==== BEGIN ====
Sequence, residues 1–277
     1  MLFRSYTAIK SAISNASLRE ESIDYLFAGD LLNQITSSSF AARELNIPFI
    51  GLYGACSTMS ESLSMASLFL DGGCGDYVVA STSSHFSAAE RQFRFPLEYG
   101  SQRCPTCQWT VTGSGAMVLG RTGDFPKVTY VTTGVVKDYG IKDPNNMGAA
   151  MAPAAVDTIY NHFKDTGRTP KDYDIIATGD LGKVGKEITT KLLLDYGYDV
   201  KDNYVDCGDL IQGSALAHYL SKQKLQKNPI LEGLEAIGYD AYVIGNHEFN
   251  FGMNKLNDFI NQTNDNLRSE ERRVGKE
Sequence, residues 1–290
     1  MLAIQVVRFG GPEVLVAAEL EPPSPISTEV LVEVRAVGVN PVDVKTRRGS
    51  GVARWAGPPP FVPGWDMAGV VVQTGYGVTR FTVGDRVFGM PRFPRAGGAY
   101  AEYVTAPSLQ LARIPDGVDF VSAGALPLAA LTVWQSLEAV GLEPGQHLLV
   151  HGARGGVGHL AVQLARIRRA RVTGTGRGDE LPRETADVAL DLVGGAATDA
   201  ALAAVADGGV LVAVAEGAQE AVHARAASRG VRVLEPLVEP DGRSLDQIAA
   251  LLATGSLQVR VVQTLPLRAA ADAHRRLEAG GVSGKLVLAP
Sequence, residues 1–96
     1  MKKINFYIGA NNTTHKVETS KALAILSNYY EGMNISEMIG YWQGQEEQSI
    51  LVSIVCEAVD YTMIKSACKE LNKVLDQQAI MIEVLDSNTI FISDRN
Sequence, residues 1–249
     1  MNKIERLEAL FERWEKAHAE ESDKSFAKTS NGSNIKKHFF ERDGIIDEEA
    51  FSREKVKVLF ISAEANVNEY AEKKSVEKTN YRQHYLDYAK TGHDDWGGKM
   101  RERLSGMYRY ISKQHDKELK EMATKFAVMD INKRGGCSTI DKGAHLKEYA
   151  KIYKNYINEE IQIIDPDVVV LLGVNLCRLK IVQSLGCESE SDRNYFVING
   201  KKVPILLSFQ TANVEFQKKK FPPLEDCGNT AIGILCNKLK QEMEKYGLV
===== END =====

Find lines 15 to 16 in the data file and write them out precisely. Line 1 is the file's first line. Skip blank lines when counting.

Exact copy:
Sequence, residues 1–96
     1  MKKINFYIGA NNTTHKVETS KALAILSNYY EGMNISEMIG YWQGQEEQSI